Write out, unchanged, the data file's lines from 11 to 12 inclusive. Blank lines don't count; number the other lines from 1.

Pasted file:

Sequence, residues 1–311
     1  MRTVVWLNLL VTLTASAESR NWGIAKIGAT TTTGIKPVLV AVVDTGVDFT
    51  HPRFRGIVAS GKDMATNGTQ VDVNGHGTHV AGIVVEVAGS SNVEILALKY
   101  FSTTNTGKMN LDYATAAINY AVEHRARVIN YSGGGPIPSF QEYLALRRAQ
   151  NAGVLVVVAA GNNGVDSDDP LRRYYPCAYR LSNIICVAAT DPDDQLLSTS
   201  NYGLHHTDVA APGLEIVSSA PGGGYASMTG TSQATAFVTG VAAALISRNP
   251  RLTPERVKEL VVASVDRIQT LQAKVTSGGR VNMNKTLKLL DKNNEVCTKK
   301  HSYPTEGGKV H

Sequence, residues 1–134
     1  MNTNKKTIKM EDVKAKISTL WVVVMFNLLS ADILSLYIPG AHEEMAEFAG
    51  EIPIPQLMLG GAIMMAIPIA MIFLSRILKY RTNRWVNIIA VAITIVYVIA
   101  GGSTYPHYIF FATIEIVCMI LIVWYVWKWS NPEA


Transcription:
    51  EIPIPQLMLG GAIMMAIPIA MIFLSRILKY RTNRWVNIIA VAITIVYVIA
   101  GGSTYPHYIF FATIEIVCMI LIVWYVWKWS NPEA